4 components critical to staff satisfaction

With frontline staff as the end users of the hospital supply chain, operational success cannot be achieved without their full engagement and satisfaction.

These individuals are essential to implementing automated processes and delivering top quality care to patients. In fact, there are several reasons that supply chain leaders must make staff satisfaction a priority:

  • The relationship between caregiver satisfaction and patient satisfaction can impact revenue. A large portion of the HCAP scores and reimbursement depends on how satisfied the patients are.1
  • Staff satisfaction supports patient safety. Nurses have a full plate of responsibilities, and it can be frustrating when they are forced to spend an average of 2-3 hours of their shift doing supply chain related tasks.2 As a result, nurses may not be bringing their best to the bedside, which may lead to lower patient satisfaction and readmission. The level of staff engagement and their overall happiness can affect patient outcomes.
  • Higher staff satisfaction can help to minimize turnover and related waste. Given the complexities and unpredictability of the healthcare industry, employee retention can often be a challenge. Hospitals are competing with one another to draw in the best staff, while at the same time, the number of nurses in the workforce is shrinking. Voluntary staff turnover is an issue that leads to wasted time and money and one that can be avoided. At the end of the day, the more time that staff get to spend doing what they are trained to do, the happier they are.

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To improve staff satisfaction, hospital supply chain leaders should develop a system that aims at four critical components: process, people, products, and technology.

  1. Starting with process, leaders should look for opportunities to eliminate wasted motion. They should ensure that the clinicians are spending their time in meaningful ways, both for themselves and for the patients.
  2. Next, supply chain leaders should make people a priority. By focusing on staff needs, leaders build confidence in the system and engagement from clinicians and others, so when problems do arise, staff contributes to the solution. Instead of wasting time and energy, they can leverage the insights and expertise of frontline caregivers to identify and solve inefficient supply chain processes.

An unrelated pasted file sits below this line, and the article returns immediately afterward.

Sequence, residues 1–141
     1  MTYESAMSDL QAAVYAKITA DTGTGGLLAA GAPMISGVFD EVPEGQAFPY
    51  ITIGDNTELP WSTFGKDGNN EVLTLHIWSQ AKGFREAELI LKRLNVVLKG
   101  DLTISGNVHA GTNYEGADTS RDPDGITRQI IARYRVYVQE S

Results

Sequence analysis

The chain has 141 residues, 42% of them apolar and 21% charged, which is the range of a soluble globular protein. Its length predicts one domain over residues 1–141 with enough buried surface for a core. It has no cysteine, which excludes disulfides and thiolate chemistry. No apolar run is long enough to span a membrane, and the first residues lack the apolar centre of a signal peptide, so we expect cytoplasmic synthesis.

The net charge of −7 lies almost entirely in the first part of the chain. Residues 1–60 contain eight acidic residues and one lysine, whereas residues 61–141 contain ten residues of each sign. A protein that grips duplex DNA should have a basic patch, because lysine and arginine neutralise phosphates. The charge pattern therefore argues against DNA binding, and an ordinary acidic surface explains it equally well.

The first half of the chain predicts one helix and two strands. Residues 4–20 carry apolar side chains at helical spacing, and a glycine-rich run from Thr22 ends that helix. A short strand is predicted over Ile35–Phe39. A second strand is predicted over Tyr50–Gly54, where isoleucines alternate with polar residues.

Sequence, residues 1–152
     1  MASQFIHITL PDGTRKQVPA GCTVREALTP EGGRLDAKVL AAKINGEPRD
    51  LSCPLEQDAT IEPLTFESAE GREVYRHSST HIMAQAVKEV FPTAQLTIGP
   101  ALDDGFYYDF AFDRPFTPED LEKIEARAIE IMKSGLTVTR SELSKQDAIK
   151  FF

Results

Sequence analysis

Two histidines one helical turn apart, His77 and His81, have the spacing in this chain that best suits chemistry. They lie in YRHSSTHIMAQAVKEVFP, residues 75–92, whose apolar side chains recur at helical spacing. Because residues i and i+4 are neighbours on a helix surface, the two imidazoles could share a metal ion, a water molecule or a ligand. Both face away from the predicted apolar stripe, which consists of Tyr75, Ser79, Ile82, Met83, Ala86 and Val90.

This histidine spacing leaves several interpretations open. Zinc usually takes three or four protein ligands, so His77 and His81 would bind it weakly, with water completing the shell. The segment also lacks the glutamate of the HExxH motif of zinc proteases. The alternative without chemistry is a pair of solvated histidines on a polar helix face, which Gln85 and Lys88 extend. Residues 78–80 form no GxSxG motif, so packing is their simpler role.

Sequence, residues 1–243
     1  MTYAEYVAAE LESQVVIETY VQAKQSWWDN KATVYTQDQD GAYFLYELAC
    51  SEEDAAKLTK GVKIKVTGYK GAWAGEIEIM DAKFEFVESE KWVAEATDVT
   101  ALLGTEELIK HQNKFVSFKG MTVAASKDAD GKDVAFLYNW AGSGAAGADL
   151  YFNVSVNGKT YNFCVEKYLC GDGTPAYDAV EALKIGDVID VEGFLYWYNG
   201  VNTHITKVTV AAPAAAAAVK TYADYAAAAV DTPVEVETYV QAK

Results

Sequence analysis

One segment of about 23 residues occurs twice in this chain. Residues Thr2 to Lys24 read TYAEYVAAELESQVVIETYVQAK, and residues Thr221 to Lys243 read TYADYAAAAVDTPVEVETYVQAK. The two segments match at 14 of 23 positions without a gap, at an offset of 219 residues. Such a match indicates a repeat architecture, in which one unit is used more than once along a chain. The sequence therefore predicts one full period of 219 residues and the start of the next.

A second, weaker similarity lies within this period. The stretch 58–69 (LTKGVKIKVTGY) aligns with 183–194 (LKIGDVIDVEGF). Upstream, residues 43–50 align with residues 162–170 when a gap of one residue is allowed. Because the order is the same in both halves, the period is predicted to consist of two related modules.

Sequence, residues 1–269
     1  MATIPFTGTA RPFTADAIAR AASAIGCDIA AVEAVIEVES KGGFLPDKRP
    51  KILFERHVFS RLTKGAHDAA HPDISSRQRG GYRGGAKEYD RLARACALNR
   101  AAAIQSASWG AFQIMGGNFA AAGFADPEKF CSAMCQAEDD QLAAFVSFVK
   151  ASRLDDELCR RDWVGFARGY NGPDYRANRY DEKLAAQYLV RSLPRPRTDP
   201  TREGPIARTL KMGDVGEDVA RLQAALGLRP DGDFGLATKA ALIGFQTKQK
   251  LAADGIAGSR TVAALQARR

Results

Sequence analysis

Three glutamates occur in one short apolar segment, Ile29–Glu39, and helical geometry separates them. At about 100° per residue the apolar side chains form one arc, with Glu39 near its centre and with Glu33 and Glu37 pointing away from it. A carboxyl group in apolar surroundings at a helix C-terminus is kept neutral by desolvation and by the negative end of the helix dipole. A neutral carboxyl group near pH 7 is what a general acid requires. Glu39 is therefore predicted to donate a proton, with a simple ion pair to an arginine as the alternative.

3. Products come next. When the right products are in the right place at the right time, it helps to build the staff’s confidence in their supply chain. However, when cases are delayed or canceled due to missing products, both the caregivers and their patients become frustrated and confidence crumbles.
  4. And finally, technology is the pieces that ties everything together – process, products, and system users all rely on technology to sustain efficiencies in the supply chain. This is not possible unless the right automated solutions are implemented for the right processes. For example, technology can be used to automate a number of non-value-added tasks that clinicians do, such as manual counting, searching for misplaced products, tracking inventory, and conducting administrative tasks. Data-driven technologies also provide visibility into the supply chain that leads to more informed decisions. In sum, supply chain leaders must consider all of these dimensions to lay a foundation for better staff satisfaction.

1HFM Magazine (2016) “Building patient satisfaction: Physical environment improvements can lead to better patient experiences and HCAHPS scores
2Cardinal Health (2/17) “The biggest untapped resource at your hospital? Your supply chain.

 

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